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YouTube Hatemongers are India’s New Stars

  • Kunal Purohit
  • Sep, 2020
  • 114
  • Analysis

Misogynistic, nationalistic rants get creators rewards-and bans-on social media

India has banned TikTok, along with a spate of other Chinese apps. But its social media problems are homegrown-and go far beyond any one program. The country, with more than 500 million active Internet users, is the largest single market for popular applications such as WhatsApp and Facebook. The country has already witnessed dozens of horrific lynchings, many of them occurring due to rumors spread on social media. Facebook is facing a public-relations crisis thanks to turning a blind eye to hate speech. Now a new genre of video rants threatens to stoke further hate and anger.

In July, four Indian YouTubers were arrested for threatening to violently rape a female comedian, Agrima Joshua, after she made fun of the supporters of a proposed $408 million statue of a 17th-century Indian warrior, Chhatrapati Shivaji. Joshua’s year-old routine made her a target for nationalists and prompted threats of charges that forced her to apologize.

The arrests shone light on a new genre of social media content: selfie videos shot by nationalistic social media influencers, usually young men, often in their cars, delivering rants laced with expletives and violent threats. They have followings ranging from hundreds of thousands to millions, and a list of targets that ranges from influencers in Pakistan to rival right-wingers to critics of the government of Prime Minister Narendra Modi. But their favorite targets are women, and their abuse-filled rants are full of threats of harassment and sexual violence.

These videos are circulated on a range of platforms, but it's YouTube that encourages this content most and has handed out accolades to the creators of violent rants. One of the two YouTubers arrested for the threats, a 26-year-old man named Shubham Mishra with close to 300,000 subscribers on his YouTube channel, was awarded a Silver Creator Award last year by YouTube.

Last year, YouTube also awarded Vikas Phatak with the Silver Creator Award, a YouTuber with 800,000 subscribers who popularized this genre of content in India through his Hindustani Bhau persona. The award is handed out to accounts that reach over 100,000 subscribers, but isn’t supposed to be awarded for content that violates community guidelines. He has tried to downplay the rape threats by saying they were “as wrong as insulting a religion.” Days after he received the award from YouTube in July last year, he had threatened to insert the country’s flag into a female Pakistani YouTuber’s vagina. YouTube has now deleted both accounts. But the genie is out of the bottle, and there are dozens of imitators.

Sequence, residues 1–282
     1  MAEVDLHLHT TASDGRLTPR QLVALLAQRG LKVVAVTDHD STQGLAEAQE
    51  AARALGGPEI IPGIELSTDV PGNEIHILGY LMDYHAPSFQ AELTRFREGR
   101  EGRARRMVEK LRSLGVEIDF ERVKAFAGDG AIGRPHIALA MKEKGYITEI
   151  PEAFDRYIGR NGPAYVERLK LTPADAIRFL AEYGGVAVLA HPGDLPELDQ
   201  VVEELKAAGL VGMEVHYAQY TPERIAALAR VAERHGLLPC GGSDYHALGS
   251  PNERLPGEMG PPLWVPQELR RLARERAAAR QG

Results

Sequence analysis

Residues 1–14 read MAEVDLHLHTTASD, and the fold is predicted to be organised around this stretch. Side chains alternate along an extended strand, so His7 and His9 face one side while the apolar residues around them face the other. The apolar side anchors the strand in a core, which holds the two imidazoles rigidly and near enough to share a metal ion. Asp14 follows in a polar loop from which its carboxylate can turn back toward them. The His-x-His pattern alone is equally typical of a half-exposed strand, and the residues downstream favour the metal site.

Phatak and Mishra created their own style of content: videos of themselves in still cars opining on various matters-from feminism to militant attacks to contentious government policies. Most of them are angry abuse-filled rants in Hindi at their targets. Both Phatak and Mishra often issue calls to action-Mishra, when he issued the rape threat against Joshua, also asked his army of followers to abuse her on social media.

In June, Phatak spewed an expletive-laden rant at an Indian film producer, Ekta Kapoor, threatening her and her mother with sexual violence, objecting to a web series produced by her showing the wife of Indian army officer having an extramarital affair. In one of his videos, he said that Kapoor should thank the Army for guarding the borders or else she would not be able to “roam around in her skimpy clothes.”

As when targeting Kapoor, Phatak often tells his followers that his videos are aimed “to clean the nation’s trash,” referring to anyone who “speaks against India.” Earlier this month, Phatak threatened a male filmmaker, Karan Johar, with sexual violence after alleging that the Johar had misrepresented the story of an Air Force officer. In his threat, Phatak said that such misrepresentation would not be tolerated in the “New India,” a term often used by Modi.

Foreign Policy tried to reach out to Phatak and Mishra for their comments but they did not respond, despite repeated attempts.

This style has now spawned multiple other YouTubers looking to imitate Phatak and Mishra. Imtiyaz Shaikh, who has more than 320,000 subscribers, was also arrested for threatening Joshua with violent rape. In a previous video he made with two other influencers, sitting in a car, he is seeing dishing out violent abuses to other female influencers and warns viewers that the video could feel like a “porn film” because of his colorful language. One of the most popular YouTube influencers in India, Ajey Nagar, whose channel CarryMinati has more than 24.8 million followers, has often been called out for homophobic, sexist, and abuse-filled rants, has been awarded four different trophies by YouTube....

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